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05-20-11: Alta Ifland Unlocks 'Death-In-A-Box'


Fables, Foibles and Family

Stories lie underneath the world; they underpin our lives in a manner that only certain types of stories can expose with any clarity. Realistic stories about our everyday inner and outer lives can tell us more about them than actual experience, but they don't get underneath. Folktales, fairy tales, family yarns and oddball fantasies are our best means for examining our under-lives, the basic elements with which we construct the narratives that we use to define ourselves. The best of these offer a timeless and seamless blend of realistic and fantastic images. They create a sort of literary sonogram that shows us not the surfaces with which we are so familiar, but the beating heart, the pumping blood, the peristaltic organs, and the connective tissues that keep our minds alive.

Folktales are alas not much in vogue now, not in the short form. We must then be doubly thankful for Alta Ifland's 'Death-In-A-Box,' a thankfully thin volume of very short stories, fables, and tales that aren't easily categorized. Ifland's work is a unique blend of the fantastic and the ordinary, of family fables and mythic imagery. These stories are a delight to read and re-read.

The title story is a perfect example of Ifland's unique work. In a few brief sentences, she sets up a mythic relationship, then brings it into the family: "In the days when Death wasn't hidden behind a plastic door in a rectangular-shaped odorless funeral home, but was Life's sister, Beauty was clothed in the enigmatic glow of Death and walked in its shoes; then gradually, Death's mischievous twinkle in the eye was replaced by icy terror. But when I grew up, some people still remembered Death's playfulness and thought that if only they could beat it at its own game, they would eventually cheat Death and escape its inexorability. My grandfather was one of them."

Of course, there's a box in the family, and the narrator, a box collector, is curious. Ifland's direct and pristine prose is perfect for connecting these opposing points; the great abstractions and the pointed details of life. She surely understands how the story of death connects to those details, but flows freely underneath, a river within our consciousnesses, and has the language to make that connection.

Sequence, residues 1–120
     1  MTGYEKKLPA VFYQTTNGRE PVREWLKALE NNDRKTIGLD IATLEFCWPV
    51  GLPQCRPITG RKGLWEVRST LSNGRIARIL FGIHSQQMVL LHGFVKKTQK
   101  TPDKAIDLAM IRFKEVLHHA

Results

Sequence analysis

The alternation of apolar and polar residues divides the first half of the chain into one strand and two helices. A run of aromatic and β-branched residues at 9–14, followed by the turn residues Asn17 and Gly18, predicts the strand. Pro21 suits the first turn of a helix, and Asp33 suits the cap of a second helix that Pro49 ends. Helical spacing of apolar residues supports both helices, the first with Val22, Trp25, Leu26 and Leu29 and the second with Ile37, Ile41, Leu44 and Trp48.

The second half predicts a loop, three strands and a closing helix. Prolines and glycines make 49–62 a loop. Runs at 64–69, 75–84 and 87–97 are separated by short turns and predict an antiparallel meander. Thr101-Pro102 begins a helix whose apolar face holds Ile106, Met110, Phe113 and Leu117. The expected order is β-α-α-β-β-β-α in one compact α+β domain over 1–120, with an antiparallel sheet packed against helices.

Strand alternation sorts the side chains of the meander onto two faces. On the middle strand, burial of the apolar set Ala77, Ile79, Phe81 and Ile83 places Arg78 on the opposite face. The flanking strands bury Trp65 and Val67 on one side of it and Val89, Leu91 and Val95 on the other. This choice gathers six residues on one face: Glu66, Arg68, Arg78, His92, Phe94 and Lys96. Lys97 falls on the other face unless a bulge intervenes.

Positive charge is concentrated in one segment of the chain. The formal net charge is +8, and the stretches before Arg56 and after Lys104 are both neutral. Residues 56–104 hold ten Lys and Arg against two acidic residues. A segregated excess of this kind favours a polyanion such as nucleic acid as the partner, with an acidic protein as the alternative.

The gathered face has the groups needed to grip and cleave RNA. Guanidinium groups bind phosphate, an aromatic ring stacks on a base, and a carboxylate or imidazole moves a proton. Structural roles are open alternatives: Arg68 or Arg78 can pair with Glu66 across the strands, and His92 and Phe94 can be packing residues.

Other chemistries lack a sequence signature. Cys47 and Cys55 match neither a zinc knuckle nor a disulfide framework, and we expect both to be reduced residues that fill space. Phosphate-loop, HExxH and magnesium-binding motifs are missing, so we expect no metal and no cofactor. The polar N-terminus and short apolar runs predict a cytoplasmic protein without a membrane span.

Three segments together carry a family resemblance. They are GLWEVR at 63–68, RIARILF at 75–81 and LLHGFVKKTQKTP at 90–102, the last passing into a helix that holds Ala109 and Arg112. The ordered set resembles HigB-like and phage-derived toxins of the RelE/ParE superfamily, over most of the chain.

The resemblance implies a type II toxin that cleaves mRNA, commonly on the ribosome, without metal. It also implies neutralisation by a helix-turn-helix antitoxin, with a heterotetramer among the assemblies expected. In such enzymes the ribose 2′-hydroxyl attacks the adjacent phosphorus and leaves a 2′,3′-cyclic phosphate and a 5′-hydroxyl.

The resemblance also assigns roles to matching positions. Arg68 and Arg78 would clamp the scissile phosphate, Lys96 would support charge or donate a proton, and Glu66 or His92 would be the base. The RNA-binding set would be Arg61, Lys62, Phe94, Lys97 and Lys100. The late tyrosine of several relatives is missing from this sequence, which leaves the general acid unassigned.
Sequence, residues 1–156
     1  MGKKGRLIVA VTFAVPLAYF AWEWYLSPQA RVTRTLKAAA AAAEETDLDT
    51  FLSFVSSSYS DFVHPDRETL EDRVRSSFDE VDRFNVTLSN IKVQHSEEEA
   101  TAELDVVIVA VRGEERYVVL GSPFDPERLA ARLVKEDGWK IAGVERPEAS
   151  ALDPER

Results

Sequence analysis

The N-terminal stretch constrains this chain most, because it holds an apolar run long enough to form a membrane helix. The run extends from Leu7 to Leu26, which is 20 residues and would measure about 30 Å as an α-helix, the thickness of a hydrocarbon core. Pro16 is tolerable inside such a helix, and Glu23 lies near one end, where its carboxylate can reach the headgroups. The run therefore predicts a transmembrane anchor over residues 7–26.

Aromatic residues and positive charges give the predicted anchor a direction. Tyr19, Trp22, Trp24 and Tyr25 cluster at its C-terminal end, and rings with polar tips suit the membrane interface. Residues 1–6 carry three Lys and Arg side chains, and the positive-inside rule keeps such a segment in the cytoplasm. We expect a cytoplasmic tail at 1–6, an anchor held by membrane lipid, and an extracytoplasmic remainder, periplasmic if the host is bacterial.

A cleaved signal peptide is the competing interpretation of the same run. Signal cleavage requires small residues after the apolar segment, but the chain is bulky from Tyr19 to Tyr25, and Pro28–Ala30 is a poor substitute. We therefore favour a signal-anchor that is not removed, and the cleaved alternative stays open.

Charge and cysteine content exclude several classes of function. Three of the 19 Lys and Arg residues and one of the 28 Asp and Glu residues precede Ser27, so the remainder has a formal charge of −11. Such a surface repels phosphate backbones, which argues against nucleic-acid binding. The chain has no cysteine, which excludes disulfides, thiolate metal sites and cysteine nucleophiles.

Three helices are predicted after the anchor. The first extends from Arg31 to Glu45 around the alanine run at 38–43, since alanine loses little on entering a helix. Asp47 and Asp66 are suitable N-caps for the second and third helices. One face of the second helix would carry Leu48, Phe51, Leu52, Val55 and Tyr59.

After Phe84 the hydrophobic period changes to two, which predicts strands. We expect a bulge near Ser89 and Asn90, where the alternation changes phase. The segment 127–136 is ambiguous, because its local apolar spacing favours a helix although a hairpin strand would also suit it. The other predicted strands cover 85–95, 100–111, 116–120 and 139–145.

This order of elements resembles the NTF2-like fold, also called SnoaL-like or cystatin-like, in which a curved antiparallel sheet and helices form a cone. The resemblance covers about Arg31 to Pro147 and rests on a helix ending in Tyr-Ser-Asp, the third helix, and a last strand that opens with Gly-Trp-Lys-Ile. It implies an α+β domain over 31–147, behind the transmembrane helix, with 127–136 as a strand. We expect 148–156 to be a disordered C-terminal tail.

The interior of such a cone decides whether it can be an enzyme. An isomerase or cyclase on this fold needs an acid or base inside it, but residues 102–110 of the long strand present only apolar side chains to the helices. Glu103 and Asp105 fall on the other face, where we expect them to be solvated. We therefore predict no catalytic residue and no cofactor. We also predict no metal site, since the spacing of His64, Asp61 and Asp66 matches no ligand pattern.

Ifland grew up in Romania amidst a bevy of Aunts and Uncles, and there's a lovely Eastern European lilt to her prose and sense of story. In "Uncle Otto Plays Chess," informers and comrades eat fried brains, and make reports on one another that dissolve as language and reality itself dissolve. In "Fried Brains," "It was the eighties. The store shelves were empty...At Venus, the biggest restaurant in town, there was only one thing on the menu: fried brains." And, in "The Missing Hand," the results of those fried brains becomes apparent; "When the furniture began to sweat, I knew that the world I'd known until then was gone."

Gone indeed, but not the Aunts, Uncles and the Narrator, as Ifland's prose poem experiments, one- and two-page stories like, "No One's Story" and "Mrs. Q's Drug-Store" take us back to the basics of voice and perception. 'Death-In-A-Box' is sly, smart invader, a work of language-as-virus not from outer, but inner space. It's grim, funny, subversive and submersive. Reading these stories, you get the feeling that it is possible to step under the world and look up at life, death, the whole shebang — and laugh, maybe weep. Perhaps, if you're lucky, you might even understand.




05-18-11: Meg Wolitzer's 'The Uncoupling'


"Heart and Soul, one will burn..."